FBI aims to nail culprits after global sweep
A Swedish national accused of creating the malicious software that infected computers under the guise of an organization called BlackShades, has pleaded not guilty to computer hacking charges in a New York court.
As part of a global crackdown, US federal authorities issued a warrant for the arrest and extradition of Alex Yucel, who owns and operates BlackShades.
BlackShades was alleged to be the mastermind organization behind the malicious software called Remote Access Tool (RAT) which allows hackers to remotely control other computers, stealing passwords in the process and gaining access to personal files, claimed the authorities.
Yucel pleaded not guilty to charges that included conspiring to commit access to device fraud.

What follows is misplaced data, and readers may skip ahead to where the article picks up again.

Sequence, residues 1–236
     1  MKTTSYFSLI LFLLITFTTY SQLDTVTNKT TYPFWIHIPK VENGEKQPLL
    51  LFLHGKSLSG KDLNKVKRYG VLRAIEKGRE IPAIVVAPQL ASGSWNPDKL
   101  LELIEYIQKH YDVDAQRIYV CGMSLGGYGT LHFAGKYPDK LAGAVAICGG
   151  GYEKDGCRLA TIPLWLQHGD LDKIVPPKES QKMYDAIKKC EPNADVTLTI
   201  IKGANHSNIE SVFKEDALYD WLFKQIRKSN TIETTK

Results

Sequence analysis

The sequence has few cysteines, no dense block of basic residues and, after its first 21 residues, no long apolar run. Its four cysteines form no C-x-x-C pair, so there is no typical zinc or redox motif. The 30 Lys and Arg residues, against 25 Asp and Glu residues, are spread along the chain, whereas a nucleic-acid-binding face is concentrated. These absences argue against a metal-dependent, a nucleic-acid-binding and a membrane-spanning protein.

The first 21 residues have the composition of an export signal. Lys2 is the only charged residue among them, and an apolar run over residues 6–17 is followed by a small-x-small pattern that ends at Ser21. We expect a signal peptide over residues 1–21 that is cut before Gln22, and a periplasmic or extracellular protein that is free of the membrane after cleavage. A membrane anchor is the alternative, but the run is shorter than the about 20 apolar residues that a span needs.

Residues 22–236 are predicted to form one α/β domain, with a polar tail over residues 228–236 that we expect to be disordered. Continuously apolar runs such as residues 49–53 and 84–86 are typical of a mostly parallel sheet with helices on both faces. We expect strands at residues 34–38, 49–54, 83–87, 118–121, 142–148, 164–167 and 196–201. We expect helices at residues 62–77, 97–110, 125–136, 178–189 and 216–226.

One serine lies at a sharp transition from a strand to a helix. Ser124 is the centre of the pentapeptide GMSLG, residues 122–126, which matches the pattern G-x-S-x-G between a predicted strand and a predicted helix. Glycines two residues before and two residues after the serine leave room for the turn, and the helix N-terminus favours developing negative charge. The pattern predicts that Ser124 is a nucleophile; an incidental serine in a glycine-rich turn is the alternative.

US prosecutors say they will present evidence including several laptop computers, tablets, e-mail accounts, and BlackShades subscriber records.
The software is not illegal in itself, and can be bought for $40, but installing it on someone else's computer without their knowledge is against the law in most countries. In some cases users used RAT to take over computer cameras to spy on their owners.
If convicted, he faces up to 15 years in prison.
This global crackdown on involved 19 countries, with more than 100 arrests made. US authorities say that the software has been sold to more than 100 countries since 2010.